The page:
• Resident Evil: Operation Raccoon City Review - Microsoft Xbox360

    Resident Evil: Operation Raccoon City takes the series back to its heyday. Set during the timeline of the original outbreak, players take on the role of a team of Umbrella security specialists tasked with cleaning up the mess that's been left behind. As a team based shooter with a heavy emphasis on the online element it makes for a marked departure from previous entries and manages to provide an excellent example of how to take a horror staple and turn it into an effective competitive experience without compromising the history of its roots.
    Now watch and learn Mr. Redfield, you want to be using guns, not uppercuts, when dealing with the highly infectious undead.
    Now watch and learn Mr. Redfield, you want to be using guns, not uppercuts, when dealing with the highly infectious undead.
    A lot of shooters feature some form of online multiplayer these days, but not a lot of them do something new with it. Stripping out a few locations from the single player and cramming in the same tired modes that everyone has been playing for the last decade and a half just doesn't cut it. Making a high quality competitive environment can take far more work than goes into crafting many of the single player campaigns out there and the meticulous interaction of every element is crucial to ensuring an online title's longevity. It's that core balance and adjustment of all the variables under the hood that makes for a great multiplayer experience, with the depth to maintain its community over the long term, and Operation Raccoon City is a perfect example of how to do this right.

    The main ingredient that sets this release apart from the pack is its three-way combat. There are two teams of players as usual, but in between them there is also a small army of bio-organic weapons. You have armoured zombies, rock-hard Hunters, jumping Lickers and even the massive Tyrant bosses all lumbering around, all of which are integral to making this such an engaging, deep, competitive experience. Take the bog standard Team Attack mode; kill the enemy players without dieing yourself. Everyone is familiar with this setup from countless first and third-person shooters but here it plays utterly uniquely because while taking out many of these AI creatures is well within the scope of most player's abilities, aiming down the sights massively restricts your vision, leaving you open to ambushes from the side and rear. So if you try to stand still and camp various areas of the map the AI will creep up on you and take you down. Meanwhile, if you get too involved in fighting them your muzzle flashes will easily give away your position to the human enemies and they can shred you to pieces while you are otherwise pre-occupied.
    At times like this, you can guarantee someone on the enemy team has a bead on you.
    At times like this, you can guarantee someone on the enemy team has a bead on you.
    The end result is a situation where you have to be constantly aware of your surroundings, always checking the side passages for ambushes and pushing forward, staying mobile at all times. You don't just have to worry about the enemy dispersal but also take into account the ebb and flow of the AI movements, taking advantage of their layout at that exact moment to give you a tactical advantage in the field. Umbrella's creations can also be used as a tool over which you can wield some degree of influence. It opens up a whole array of strategies and tactics that you just don't get in other games and which require a more dynamic analysis during play. Raccoon City's multiplayer is a predatory experience; stalking your prey and waiting for the right moments. Zombies can be used as cover because player models can be hard to distinguish from them in the dark, they can grab players leaving them open to attack whilst being fended off and can also be used to earn more points should a player be left bleeding by an assailant and end up finished off by the undead horde.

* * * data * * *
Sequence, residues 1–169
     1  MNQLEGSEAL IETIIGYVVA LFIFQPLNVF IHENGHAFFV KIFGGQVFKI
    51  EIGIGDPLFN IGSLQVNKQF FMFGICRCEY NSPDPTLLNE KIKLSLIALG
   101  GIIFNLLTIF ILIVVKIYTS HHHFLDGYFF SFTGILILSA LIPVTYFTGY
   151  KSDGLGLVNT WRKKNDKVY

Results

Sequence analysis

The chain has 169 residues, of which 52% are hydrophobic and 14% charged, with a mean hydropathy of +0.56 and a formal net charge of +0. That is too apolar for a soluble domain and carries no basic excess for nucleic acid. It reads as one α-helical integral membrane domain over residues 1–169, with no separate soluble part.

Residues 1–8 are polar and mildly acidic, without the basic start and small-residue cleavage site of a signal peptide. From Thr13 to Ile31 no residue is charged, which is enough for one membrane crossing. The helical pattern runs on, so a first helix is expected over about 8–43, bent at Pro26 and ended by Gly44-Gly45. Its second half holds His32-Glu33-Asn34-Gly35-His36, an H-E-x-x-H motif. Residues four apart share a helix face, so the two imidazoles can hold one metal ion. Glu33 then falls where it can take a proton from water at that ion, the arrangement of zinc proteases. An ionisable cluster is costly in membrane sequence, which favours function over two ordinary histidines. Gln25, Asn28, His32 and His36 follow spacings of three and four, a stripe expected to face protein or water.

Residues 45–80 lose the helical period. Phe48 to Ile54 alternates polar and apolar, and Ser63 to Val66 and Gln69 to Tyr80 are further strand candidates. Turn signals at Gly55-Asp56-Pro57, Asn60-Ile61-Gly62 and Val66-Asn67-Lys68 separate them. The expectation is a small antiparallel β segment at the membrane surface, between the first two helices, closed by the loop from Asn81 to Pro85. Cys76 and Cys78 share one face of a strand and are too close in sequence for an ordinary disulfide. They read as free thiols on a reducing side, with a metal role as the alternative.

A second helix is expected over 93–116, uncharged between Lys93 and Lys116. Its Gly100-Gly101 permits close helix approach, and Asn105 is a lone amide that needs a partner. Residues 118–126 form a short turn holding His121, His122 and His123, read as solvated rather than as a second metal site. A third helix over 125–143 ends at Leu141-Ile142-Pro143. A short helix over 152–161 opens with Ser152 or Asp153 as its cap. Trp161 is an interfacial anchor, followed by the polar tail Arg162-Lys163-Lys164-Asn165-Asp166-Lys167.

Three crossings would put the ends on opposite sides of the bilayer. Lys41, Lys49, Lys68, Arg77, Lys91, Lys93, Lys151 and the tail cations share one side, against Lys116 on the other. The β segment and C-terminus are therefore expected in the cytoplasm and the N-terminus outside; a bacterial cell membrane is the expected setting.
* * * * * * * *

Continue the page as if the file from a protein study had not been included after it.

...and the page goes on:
At the same time these bio-organic weapons can be a useful sources of points themselves. Hunters are worth the same as human enemies, and while zombies may be worth very little, it can all add up and this throws in an interesting dynamic where the sudden appearance of a high value monster can see your priorities immediately re-evaluated. These elements combine to make for very adaptive, varied games. There's a whole bunch of other nice touches too, players are rewarded for healing each other and the class based system meshes nicely ensuring players can ably support each other with varied, unique abilities that don't force the team to shadow each other in order to work effectively as a unit. The level designs are mostly excellent in terms traversal routes with plenty of interconnected paths and ambush points and the high degree of darkness makes for a very atmospheric feel. Dashing between crashed cars and glowing flares, dodging the attacks of zombies as you try to catch up with a human you just saw cut across the street feels so immersive it's like a scripted event from a single player campaign. There's a decent variety between closer ranged combat and somewhat more open areas ensuring that despite the constant threat of the zombie masses there's also still a degree of level specific customisation and behaviour going on. While there is an experience points system that unlocks weapons and abilities, thankfully you'll more than level this up over the course of a few single player levels such that everyone is on an even footing when it comes to competitive play.
    Headshots are essential to survival.
    Headshots are essential to survival.
    It can't be overstressed what a big difference the high population count makes, you really have to hunt for your enemies and then when you find them it's more a case of properly planning your ambush, rather than jumping in guns blazing. So while the Team Attack mode's name may sound generic, this could not be further from the truth. Barring the tedium of the Viral Cannister mode, which just turns into a drawn out tug of war, the other offerings are also equally strong.